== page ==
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Proselytism and Interfaith

This piece was originally posted to Interfaith Youth Core’s blog, www.ifyc.org/stay-informed on October 16, 2013

Thanks to IFYC’s Alumni Professional Development Fund, I was recently attended the President’s Interfaith and Community Service Campus Challenge Gathering in Washington, D.C. The Gathering brought together staff, faculty, administrators and students from universities all over the country who are participating in the President’s Challenge. The two days were spent in plenary and breakout sessions listening to panelists from various college campuses discuss what their schools are doing to work across lines of religious and non-religious difference for the common good of their communities.

Though it was great to hear a number of inspiring stories about the work of young people who are able to come together in their difference, see a need in the community and work to fill that need, I left the Gathering knowing there is still much work to be done.

During one of the breakout sessions a question was posed to the panel that went something like this: “How do you get people of different religious identities together in a room to dialogue—and what do you do about those who are there to only proselytize?” While the panel offered some helpful advice about how to recruit students for dialogue, the panel never answered the question about proselytism. I am not criticizing the panelists here, but it reminded me that there is still much work to be done in how we deal with proselytism. It is a topic we love to brush under the rug. This is a common frustration of mine as an Evangelical Christian.

At interfaith gatherings I regularly hear interfaith professionals talk a big game about making safe spaces for students of different religious and non-religious identities to express themselves authentically, but in the next breath say something denigrating about Evangelical Christians or other “conservative types.” At the same time, interfaith professionals regularly complain that they cannot seem to get Evangelicals involved in interfaith work.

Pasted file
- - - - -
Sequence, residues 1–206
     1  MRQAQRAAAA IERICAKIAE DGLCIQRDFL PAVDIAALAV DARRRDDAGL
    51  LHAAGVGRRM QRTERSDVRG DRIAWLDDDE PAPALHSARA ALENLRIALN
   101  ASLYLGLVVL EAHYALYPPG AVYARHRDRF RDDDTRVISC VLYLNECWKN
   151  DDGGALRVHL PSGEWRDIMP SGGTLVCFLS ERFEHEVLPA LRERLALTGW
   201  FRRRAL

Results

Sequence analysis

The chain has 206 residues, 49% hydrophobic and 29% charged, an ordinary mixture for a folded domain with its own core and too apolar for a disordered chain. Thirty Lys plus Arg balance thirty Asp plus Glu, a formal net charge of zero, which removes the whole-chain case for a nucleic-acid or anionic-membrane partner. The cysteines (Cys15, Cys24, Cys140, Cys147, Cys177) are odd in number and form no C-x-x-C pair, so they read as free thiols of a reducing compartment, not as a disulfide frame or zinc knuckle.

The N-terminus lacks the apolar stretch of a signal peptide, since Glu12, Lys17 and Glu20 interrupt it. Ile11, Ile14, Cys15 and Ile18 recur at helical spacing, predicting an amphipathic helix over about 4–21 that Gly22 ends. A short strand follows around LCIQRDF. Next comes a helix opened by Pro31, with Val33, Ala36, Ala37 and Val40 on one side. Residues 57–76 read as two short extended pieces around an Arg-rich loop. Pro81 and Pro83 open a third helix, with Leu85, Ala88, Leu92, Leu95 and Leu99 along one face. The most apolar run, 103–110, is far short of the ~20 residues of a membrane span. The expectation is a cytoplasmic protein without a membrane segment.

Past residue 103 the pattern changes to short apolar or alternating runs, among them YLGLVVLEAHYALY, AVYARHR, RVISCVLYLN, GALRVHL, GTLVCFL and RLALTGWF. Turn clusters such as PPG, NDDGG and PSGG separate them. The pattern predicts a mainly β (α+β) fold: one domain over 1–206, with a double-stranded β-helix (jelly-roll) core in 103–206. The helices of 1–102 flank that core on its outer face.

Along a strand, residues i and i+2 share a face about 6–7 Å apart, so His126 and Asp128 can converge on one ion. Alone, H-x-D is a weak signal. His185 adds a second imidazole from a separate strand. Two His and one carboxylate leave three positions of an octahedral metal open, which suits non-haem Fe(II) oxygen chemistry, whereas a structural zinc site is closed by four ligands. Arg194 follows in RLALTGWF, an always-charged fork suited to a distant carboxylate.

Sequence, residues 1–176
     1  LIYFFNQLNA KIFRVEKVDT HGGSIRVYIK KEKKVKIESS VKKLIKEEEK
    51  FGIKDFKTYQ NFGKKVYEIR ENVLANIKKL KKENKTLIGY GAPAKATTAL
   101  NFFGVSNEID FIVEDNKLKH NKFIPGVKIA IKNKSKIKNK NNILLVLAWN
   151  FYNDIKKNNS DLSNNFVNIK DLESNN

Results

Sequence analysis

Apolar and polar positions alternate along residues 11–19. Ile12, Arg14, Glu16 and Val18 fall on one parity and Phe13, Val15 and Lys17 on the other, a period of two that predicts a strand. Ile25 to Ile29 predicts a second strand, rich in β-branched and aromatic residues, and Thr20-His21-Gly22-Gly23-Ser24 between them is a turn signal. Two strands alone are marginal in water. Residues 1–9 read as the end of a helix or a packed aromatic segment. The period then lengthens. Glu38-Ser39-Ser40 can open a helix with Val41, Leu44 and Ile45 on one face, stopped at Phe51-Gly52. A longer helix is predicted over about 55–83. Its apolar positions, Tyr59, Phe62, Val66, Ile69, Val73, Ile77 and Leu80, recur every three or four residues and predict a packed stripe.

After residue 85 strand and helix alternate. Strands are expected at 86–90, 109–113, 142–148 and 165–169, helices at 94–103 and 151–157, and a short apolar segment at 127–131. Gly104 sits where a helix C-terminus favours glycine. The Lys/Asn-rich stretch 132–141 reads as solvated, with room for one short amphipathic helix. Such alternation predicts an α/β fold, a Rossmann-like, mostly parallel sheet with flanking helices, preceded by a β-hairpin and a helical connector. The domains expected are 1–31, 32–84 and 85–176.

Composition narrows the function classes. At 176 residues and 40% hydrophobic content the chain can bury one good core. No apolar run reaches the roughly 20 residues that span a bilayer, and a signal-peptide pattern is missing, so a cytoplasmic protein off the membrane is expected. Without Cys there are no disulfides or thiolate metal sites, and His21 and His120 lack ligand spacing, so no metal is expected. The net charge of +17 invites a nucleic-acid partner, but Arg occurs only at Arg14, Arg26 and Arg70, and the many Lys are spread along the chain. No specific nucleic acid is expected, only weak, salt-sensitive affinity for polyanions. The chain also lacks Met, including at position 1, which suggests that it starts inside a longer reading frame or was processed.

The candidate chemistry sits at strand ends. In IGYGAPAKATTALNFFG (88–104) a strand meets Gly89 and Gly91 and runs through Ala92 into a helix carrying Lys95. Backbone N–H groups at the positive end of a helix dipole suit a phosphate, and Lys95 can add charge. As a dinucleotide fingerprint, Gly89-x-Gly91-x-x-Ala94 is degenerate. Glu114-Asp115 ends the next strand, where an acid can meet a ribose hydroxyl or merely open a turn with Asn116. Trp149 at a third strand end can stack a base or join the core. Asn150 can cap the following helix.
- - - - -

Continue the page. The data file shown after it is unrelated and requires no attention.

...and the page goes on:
There’s an obvious disconnect here.

While we can agree that interfaith dialogue is not a place for proselytism, we still have to be intentional about making sure those whose spiritual practice involves proselytism can still have a place at the interfaith table. How can we allow Evangelical Christians, and others who proselytize (let’s remember that this is not only a Christian practice), to participate in interfaith work while being authentically themselves? One of the ways we can do this is by affirming that proselytism is a central spiritual practice for some.

Gatherings like the President’s Challenge Gathering at Georgetown last month are a great way to be reminded of the wonderful interfaith work being done across the country. We can be motivated by the interfaith work of others to do better interfaith work ourselves. Let’s remember that this is a young movement, and there is still much to learn about how to be the best movement we can be. One thing we can work on is our reception of Evangelicals (and other proselytizing groups) and how we talk about proselytism within the interfaith movement.

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Persecution of Christians in America?

The word on the street is we’ll be having some conversation on Faith Line Protestants next month about Christian Privilege. This piece by Ian Harber popped up over at Relevant entitled, “The Myth of the Persecuted American Church.” I thought it would be a good way to get you thinking about some questions: Does Christian privilege exist in America? Does the persecution of Christians exist in America?

Harber writes,

It’s not that Christians are not occasionally persecuted in America. There are instances—such as an incident this summer in which Evangelical Christians were labeled as “extremists” in a Pentagon training session—that we ought to take seriously. However, the type of persecution endured in the United States is far less than anything our brothers and sisters suffer from around the world. In fact, calling Christians in America “persecuted” seems like a disservice to our fellow believers overseas who face jail—and far worse—for their relationship with God.

 

 thoughts?